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Homes in Puglia

Sea, sun and hospitality abound in this serene and orderly southern region, as do beautifully-built homes at affordable prices. No wonder the high heel of Italy’s boot just keeps going from strength to strength, says Fleur Kinson.

Once a sleepy backwater adored by Italian holidaymakers but relatively unknown to visitors from further afield, Puglia burst onto the international travel and property scene in 2000 when budget airlines first put it within easy reach, and it has never looked back since. A distinctive region with a character all its own, Puglia tends to make a big impression on first-time visitors and they usually keep coming back. Bizarrely, despite attracting so many admirers, Puglia still manages to retain its uncrowded feel and all its unspoilt natural charm.

A peninsular region surrounded in some places by the sea on both sides, Puglia is almost an island. And like most islands, it has a strong, unique identity. Everywhere you look, Puglia is a little bit exceptional. To begin with, it has the longest coastline of any mainland Italian region. Then there are its local building styles, found nowhere else. Round-walled, conical-roofed trulli sprout from the landscape like Smurf houses. White lamie cottages sit like giant sugarcubes in the fields. And while stout, elegant masserie also exist on Sicily, they are more typical in Puglia. Then there are the olive trees. Are any quite as big, twisting and monstrous as here? Perhaps. But here on Italy’s high heel, it’s easy to believe that everything is a bit more fantastical.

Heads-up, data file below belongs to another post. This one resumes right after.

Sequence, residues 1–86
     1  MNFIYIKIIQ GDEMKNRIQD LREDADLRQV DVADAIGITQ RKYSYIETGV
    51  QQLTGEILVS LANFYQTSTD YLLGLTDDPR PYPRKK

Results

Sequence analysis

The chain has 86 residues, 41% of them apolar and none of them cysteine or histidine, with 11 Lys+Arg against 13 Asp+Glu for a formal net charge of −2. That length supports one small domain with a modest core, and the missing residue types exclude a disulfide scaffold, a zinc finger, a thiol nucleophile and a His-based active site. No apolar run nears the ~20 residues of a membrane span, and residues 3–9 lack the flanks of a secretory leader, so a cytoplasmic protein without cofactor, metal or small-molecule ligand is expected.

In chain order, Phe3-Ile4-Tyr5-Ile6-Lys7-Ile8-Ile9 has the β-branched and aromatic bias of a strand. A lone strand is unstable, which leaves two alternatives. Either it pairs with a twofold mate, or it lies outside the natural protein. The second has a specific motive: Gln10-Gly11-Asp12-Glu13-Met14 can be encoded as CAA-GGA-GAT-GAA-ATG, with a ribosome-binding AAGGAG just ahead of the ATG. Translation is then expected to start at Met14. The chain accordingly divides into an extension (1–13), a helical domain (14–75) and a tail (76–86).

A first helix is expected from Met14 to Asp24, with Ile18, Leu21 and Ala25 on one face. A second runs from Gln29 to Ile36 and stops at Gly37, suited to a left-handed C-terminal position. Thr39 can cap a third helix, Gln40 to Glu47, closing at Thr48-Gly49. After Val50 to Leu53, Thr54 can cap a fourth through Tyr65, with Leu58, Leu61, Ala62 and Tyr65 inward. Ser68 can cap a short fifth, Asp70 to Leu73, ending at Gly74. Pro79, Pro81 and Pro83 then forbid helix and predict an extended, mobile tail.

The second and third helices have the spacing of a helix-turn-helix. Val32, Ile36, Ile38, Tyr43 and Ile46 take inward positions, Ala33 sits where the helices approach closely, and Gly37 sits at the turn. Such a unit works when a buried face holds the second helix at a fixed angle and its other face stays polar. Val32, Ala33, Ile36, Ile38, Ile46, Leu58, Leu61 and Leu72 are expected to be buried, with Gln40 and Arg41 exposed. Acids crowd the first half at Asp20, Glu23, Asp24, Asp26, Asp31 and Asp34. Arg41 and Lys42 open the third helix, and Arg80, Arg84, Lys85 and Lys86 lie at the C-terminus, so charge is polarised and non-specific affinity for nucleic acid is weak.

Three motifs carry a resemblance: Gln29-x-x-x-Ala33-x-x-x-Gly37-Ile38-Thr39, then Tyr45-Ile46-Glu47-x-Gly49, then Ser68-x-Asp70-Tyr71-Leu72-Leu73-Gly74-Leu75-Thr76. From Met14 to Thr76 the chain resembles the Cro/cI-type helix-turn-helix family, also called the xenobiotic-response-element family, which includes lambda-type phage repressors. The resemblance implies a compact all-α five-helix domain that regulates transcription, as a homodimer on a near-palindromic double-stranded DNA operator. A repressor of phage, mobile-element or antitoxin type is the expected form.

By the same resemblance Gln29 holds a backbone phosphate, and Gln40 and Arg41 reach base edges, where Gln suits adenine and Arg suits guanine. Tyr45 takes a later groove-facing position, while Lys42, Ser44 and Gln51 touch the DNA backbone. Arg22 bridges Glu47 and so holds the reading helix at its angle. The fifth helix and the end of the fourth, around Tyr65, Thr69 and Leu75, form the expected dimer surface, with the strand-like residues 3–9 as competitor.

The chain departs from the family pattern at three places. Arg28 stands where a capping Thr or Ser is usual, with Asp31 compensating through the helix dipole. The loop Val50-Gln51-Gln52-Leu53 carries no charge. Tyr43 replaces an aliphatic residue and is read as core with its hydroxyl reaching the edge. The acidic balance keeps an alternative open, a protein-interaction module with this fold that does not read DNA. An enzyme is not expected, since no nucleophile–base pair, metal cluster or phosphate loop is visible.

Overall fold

The iconic seaside town of Gallipoli

Some of Puglia’s magic lies in its light, which is extraordinary. Bright sunshine bounces off the alwaysnearby sea and the dazzling white buildings to saturate your senses. Sun-drunk, you gaze onto undulating lanes of whitewashed cubic buildings and wonder whether you’re actually in Italy at all or have somehow drifted off to a Greek Cycladic island. Puglia’s Hellenic look and feel is no accident, however. The Ancient Greeks colonised this region thousands of years ago, and there are still Greek words in local dialects and Greek details in the region’s delectable cuisine. Some say there’s even a Greek aspect to the Puglian personality. The deeply hospitable people seem slightly quieter and more reserved than the flamboyant southern Italian stereotype.


Like all southern Italian regions, Puglia enjoys a wonderfully warm, dry climate and the kind of outdoor lifestyle that goes with that. Community festivals and the grand evening passeggiata – the convivial walk-around-town to chat with all your friends and neighbours – are big features of life here. Like other southern regions, and especially less populous ones, Puglia enjoys a very strong sense of community and a low crime-rate. People know their neighbours, and look out for each other. But Puglia is more prosperous and orderly than some of its fellow southern regions. Unemployment is very low, and towns are generally very wellmaintained. Another way in which Puglia distinguishes itself from other southern and indeed central Italian regions is with its extremely low incidence of seismic activity. The southern two-thirds of Puglia has fewer earthquakes than anywhere else on the whole of Italy’s bootshaped peninsula.

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About Italia!

True to form, this issue is packed with fascinating features and articles covering the Italian peninsula. You’ll love the evocative account of a visit to Genoa – our cover star this month – there is so much to see and admire, and take a boat trip out onto the Venetian lagoon to explore the forgotten islands, all with poignant tales to tell. Our newest writer Anna takes us on a tour of the Alta Maremma, once a marshy swamp and now the home to some of the finest wines in Italy, while the Po Delta is the destination for a weekend away.